Dernogue, Analyzis of Fundamental Notions 423
Ehrlich, The Fundamental Principles of the Sociology of Law 426
F.S. Cohen, Transcendental Nonsense and the Functional Approach 429
M.R. Cohen, On Absolutisms in Legal Thought 435
Aristotle, Basic Works 440
Rabelais, Gargantua 440
Ehrlich, Judicial Freedom of Decision: Its Principles and Objects 445
M.R. Cohen, The Process of Judicial Legislation 450
Southern Pacific Co. v. Jensen 455
Cardozo, The Nature of the Judicial Process 456
Haines, General Observations on the Effects of Personal, Political, and Economic Influences in the Decisions of Judges 461
Hutchinson, The Judgment Intuitive: The Function of the "Hunch" in Judicial Decisions 467
Llewellyn, A Realistic Jurisprudence -- The Next Step 472
Frank, What Courts Do in Fact 474
F.S. Cohen, Transcendental Nonsense and the Functional Approach 477
1. The Nature and Scope of Legislation
Spencer, Over-Legislation 484
Maine, Early History of Institutions 485
T.V. Smith, The Legislative Way of Life 487
Horack, The Common Law of Legislation 491
2. Statutory Interpretation
Aristotle, Rhetoric 497
Heydon's Case 498
Pound, Common Law and Legislation 498
M.R. Cohen, The Process of Judicial Legislation 503
Radin, Statutory Interpretation 509
Landis, A Note on "Statutory Interpretation" 514
Frankfurter, Some Reflections on the Reading of Statutes 518
Horack, The Disintegration of Statutory Construction 524

Volume II

1. Logic, Experience and Scientific Method 
Holmes, The Common Law 530
Radin, Law as Logic and Experience 532
Cardozo, Paradoxes of Legal Science 534
Pound, Mechanical Jurisprudence 535
M.R. cohen, The Place of Logic in the Law 540
Dewey, Logical Method and Law 552
Oliphant and Hewitt, From the Physical to the Social Sciences 557
M.R. Cohen, Law and Scientific Method 560
2. The Logical Nature of Legal Propositions and Questions
Oliphant, A Return to Stare Decisis 566
F.S. Cohen, Transcendental Nonsense and the Functional Approach 571
Williams, Language and the Law 577
F.S. Cohen, Field Theory and Judicial Logic 580
F.S. Cohen, What is a Question? 586
3. Logic and Ethics
F.S. Cohen, The Ethical Basis of Legal Criticism 589
Kant, Philosophy of Law 595
Stammler, Theory of Justice 597
Kelsen, General Theory of Law and State 599
Bentham, Theory of Legislation 599
Russell, the Harm that Good Men Do 610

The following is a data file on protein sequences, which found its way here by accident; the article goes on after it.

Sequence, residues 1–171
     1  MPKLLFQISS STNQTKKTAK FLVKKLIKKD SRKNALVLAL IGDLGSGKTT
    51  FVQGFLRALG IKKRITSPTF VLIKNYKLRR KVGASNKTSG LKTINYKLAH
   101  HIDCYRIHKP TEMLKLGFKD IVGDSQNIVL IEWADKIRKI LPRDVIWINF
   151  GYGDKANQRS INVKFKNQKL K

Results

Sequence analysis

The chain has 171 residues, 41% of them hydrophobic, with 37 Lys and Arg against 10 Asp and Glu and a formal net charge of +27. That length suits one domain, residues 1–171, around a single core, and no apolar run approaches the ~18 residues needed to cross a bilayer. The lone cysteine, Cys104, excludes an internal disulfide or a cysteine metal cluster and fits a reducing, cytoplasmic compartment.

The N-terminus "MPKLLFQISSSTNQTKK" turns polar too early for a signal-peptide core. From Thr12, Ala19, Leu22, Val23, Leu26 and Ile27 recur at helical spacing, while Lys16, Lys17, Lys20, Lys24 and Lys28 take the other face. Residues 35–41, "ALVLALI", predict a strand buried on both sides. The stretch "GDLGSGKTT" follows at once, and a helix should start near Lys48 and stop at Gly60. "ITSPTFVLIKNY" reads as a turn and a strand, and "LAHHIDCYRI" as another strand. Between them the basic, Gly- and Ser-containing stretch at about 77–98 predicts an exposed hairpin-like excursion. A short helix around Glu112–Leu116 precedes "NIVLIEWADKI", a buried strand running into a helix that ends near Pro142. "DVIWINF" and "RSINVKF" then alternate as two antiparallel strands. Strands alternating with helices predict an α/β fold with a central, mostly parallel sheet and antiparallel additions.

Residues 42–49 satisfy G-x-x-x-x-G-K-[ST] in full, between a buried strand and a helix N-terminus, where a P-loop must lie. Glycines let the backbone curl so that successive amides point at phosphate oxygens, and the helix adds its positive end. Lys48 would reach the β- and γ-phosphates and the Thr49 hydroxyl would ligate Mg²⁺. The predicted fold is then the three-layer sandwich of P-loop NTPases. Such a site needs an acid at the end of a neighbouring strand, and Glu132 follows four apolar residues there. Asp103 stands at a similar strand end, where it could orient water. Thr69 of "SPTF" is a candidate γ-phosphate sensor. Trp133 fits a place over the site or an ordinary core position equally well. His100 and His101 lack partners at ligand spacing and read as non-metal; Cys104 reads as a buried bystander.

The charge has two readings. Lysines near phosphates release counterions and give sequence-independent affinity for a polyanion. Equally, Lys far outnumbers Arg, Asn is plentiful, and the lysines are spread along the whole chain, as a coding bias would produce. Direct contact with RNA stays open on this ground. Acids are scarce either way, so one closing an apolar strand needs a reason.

Russell, Sceptical Essays 614
M.R. Cohen, Reason and Nature 615
F.S. Cohen, Ethical Systems and Legal Ideals 616
F.S. Cohen, Modern Ethics and the Law 646
F.S. Cohen, Transcendental Nonsense and the Functional Approach 653
Garlan, Legal Realism and Justice 655
McDougal, Fuller v. The American Legal Realists: An Intervention 660
Heraclitus, The Fragments 666
Kant, Philosophy of Law 667
M.R. Cohen, A Critique of Kant's Philosophy of Law 670
Kohler, Philosophy of Law 674
Von Jhering, In the Heaven of Legal Concepts 678
Holmes, Natural Law 689
M.R. Cohen, Justice Holmes and the Nature of Law 692
M.R. Cohen, Reason and Nature 696
F.S. Cohen, Field Theory and Judicial Logic 699
Kant, Idea of a Universal History from a Cosmopolitical Point of View 710
Kant, Perpetual Peace: A Philosophical Essay 720
Pound, Ethical and Religious Interpretations 726
Pound, The Political Interpretation 729
Bigelow and Adams, Centralization and the Law 735
Beard, An Economic Interpretation of the Constitution of the United States 747
Myers, History of the Supreme Court 752
Pound, The Economic Interpretation 753
M.R. Cohen, Roscoe Pound 762
Maitland, The Forms of Action at Common Law 763
C.F. Clark and W.O. Douglas, Law and Legal Institutions 765
Julius Stone, The Myths of Planning and Laissez-faire 723
M.R. Cohen, Tourtoolon 779
M.R. Cohen, History versus Value 782
Myres, The Influence of Anthropology on the Course of Political Science 786
Cairns, Law and the Social Sciences 791
Driberg, At Home with the Savage 794
Malimowski, Crime and Custom in Savage Society 796
Lowie, Incorporeal Property in Primitive Society 798
Lowie, Property Rights and Coercive Powers of Plains Indian Military Societies 802
Hoebel, Primitive Law and Modern 806
Llewellyn and Hoebel, The Cheyenne Way 809
Hallowell, The Nature and Function of Property as a Social Institution 811
1. Economic Systems and Their Legal Defenses
Maitland, Constitutional History of England 824
Holmes, Law and the Court 826
M.R. Cohen, Socialism and Capitalism 828
Arnold, The Symbols of Government 836
Arnold, The Folklore of Capitalism 838
Berle and Means, The Modern Corporation and Private Property 841
2. Legal Factors in Economic Science
Llewellyn, The Effect of Legal Institutions upon Economics 847
R.L. Hale, Economics and Law 853
1. Law and Administration
Hewart, The New Despotism 861
Laski, Allen's "Bureaucracy Triumphant" 866
T.R. Powell, Constitutional Metaphors 867
Arnold, Substantive Law and Procedure 870
F.S. Cohen, Colonialism: A Realistic Approach 873
2. Separation and Distribution of Powers
Aristotle, Politics 878
Montesquieu, The Spirit of the Law 879
Jefferson, Notes on the State of Virginia 880
Baudin, Government by Judiciary 881
M.R. Cphen, Constitutional and NAtural Rights in 1789 and Since 883
3. Law as Coercion and Law as Consent
Hobbes, Leviathan 888
Locke, Two Treatises of Government 890
Bentley, The Process of Government 891
W. Beard, Government by Special Consent 895
M.R. Cohen, The Meaning of Human History 898
T.V. Smith, Consent and Coercion in Governing 903
4. Political Ideals
Laski, Foundation of Sovereignty 907
M.R. Cohen, The Future of American Liberalism 913
Index 928